McALLEN — A Pharr man will spend four years in federal prison for attempting to smuggle ammunition into Mexico last April, court records show.

Juan Carrillo Jr. was sentenced Monday before U.S. District Judge Randy Crane on Monday in connection with an attempt to drive into Mexico while concealing rifle magazines and approximately 3,000 rounds of ammunition in his vehicle last year, according to court records.

U.S. Customs and Border Protection officers detained Carrillo, who was driving a Volkswagen sedan with Tamaulipas Mexican plates, April 21, 2018, after referring him for a secondary inspection at the Anzalduas port of entry in Mission.

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During his attempt to enter Mexico, Carrillo told officers he did not have any weapons, ammunition, or currency exceeding $10,000 — and that he was traveling into Reynosa, Mexico to visit his father.

But, according to the complaint filed against him, CBP officers noticed what appeared to be “inconsistencies” under the sedan’s floor mats, prompting the secondary inspection.

During a subsequent search of the Volkswagen, CBP officers discovered 168 rifle magazines and approximately 3,000 rounds of ammunition used for assault rifle firearms within the vehicle’s engine compartment, underneath the passenger and driver’s side seats.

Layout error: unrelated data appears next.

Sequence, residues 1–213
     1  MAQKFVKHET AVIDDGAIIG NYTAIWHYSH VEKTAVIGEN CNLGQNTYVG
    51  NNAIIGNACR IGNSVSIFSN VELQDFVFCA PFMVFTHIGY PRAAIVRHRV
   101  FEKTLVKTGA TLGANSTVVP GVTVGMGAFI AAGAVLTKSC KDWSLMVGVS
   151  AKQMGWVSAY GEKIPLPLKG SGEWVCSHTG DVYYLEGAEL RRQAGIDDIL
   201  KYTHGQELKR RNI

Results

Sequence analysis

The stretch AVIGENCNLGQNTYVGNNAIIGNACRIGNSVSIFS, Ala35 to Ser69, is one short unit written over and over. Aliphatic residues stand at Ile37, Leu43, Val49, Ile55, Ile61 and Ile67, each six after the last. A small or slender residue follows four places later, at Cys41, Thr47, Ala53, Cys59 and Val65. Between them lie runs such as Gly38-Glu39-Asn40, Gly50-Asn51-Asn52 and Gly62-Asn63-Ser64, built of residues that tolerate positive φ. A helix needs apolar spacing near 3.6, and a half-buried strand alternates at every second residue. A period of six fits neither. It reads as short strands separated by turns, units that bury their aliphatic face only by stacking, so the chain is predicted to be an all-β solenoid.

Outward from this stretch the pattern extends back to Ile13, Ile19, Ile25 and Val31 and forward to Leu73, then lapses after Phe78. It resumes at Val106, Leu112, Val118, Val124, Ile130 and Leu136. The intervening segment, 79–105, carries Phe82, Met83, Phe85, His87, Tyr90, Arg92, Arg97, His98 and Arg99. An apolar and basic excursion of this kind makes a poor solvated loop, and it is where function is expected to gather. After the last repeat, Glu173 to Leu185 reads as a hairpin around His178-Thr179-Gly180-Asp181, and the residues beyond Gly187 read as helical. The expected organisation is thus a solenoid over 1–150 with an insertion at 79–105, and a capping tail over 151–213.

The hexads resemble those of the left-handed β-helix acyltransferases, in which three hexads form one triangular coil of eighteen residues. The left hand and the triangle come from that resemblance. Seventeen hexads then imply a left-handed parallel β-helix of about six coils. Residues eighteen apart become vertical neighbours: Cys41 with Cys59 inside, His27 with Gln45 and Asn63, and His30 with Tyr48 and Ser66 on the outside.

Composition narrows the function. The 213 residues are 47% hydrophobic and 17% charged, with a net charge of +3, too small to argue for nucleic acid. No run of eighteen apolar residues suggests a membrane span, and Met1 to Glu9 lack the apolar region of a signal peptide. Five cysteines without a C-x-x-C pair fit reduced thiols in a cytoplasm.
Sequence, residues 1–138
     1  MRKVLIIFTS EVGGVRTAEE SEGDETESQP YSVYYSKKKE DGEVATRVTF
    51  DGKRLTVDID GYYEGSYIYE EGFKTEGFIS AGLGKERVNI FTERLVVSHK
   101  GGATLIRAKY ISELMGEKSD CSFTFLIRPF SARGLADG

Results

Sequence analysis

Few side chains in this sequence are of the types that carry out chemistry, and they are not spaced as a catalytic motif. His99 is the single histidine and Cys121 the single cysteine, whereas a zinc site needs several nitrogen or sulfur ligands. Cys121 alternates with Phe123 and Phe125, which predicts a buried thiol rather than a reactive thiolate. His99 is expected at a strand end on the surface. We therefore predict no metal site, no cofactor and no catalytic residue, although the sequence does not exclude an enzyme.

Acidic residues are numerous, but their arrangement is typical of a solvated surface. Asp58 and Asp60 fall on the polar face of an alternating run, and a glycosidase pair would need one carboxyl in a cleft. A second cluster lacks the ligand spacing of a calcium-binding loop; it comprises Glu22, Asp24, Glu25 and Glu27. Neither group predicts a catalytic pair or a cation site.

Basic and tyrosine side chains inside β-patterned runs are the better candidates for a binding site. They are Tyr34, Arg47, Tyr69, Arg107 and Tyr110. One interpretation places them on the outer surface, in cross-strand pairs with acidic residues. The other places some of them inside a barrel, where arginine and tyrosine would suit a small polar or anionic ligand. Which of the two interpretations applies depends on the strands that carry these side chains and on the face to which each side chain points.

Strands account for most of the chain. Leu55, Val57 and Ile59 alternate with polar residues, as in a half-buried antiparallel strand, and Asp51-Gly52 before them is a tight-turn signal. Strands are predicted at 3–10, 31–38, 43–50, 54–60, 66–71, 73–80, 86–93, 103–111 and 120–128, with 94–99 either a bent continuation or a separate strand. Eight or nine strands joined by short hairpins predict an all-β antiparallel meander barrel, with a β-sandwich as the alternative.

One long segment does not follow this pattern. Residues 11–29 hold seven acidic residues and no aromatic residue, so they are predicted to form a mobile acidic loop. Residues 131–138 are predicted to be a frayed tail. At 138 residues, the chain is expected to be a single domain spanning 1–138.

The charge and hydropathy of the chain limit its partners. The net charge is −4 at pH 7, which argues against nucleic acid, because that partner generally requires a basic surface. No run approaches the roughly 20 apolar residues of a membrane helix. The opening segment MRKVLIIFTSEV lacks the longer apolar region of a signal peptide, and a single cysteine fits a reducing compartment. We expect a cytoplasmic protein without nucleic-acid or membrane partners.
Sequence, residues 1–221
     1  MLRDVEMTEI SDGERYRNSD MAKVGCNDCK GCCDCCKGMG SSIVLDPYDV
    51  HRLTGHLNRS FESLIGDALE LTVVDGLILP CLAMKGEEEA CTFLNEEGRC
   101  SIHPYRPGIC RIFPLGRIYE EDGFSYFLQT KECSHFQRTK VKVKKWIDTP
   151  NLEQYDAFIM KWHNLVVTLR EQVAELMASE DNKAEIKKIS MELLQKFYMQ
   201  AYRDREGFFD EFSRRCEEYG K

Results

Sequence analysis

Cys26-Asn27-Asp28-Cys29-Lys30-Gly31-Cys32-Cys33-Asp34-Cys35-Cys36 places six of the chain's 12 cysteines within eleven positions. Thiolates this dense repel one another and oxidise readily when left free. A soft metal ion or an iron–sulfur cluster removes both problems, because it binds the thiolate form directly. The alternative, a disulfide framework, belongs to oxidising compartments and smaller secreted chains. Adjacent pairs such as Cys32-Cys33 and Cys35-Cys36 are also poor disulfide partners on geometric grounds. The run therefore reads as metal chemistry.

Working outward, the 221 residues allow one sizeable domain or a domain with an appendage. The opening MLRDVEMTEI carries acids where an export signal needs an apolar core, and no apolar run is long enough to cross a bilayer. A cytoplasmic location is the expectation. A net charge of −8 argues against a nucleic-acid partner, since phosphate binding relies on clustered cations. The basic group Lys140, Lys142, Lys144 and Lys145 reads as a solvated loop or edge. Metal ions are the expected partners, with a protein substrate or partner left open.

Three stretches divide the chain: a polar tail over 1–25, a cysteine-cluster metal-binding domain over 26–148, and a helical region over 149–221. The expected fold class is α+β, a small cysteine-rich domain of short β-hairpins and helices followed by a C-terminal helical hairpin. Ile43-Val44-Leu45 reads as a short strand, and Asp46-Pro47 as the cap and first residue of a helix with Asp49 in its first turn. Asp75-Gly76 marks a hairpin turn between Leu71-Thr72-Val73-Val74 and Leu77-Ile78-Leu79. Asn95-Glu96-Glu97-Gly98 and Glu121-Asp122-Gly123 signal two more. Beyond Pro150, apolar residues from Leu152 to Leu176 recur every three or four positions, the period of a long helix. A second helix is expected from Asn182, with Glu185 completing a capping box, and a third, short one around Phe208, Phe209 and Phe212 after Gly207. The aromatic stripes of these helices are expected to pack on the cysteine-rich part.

In an interview with U.S. Homeland Security agents, Carrillo admitted to being aware of the rifle magazines and ammunition in the vehicle.

The 30-year-old man originally pleaded not guilty to a smuggling goods charge on May 16, 2018, court records show.

But Carrillo, just a month later, accepted a government plea agreement, and pleaded true to the smuggling charge on June, 18, 2018. In addition, he agreed to forfeit the rifle magazines and ammunition to the government, the plea agreement stated.

In exchange, government prosecutors agreed to drop the offense by two levels, which could have resulted in a longer punishment range.

According to reporting from the Center for American Progress, an independent nonpartisan policy institute, the U.S. Government Accountability Office noted that between 2009 and 2014, the majority of the guns recovered in Mexico originally bought in the U.S. came from three southern border states, with Texas accounting for 41 percent of those weapons.

The Center for American Progress also reported that from 2014 to 2016, more than 33,000 U.S.-sourced guns were recovered in criminal investigations in Mexico.

“That exceeds the number of crime guns recovered and traced to a U.S. source in every U.S. state during the same period — except for California, Florida, and Texas,” the 2018 report read.

In addition to the 48-month sentence, Carrillo will be required to serve three years of supervised release upon his completion of the prison term, court notes showed.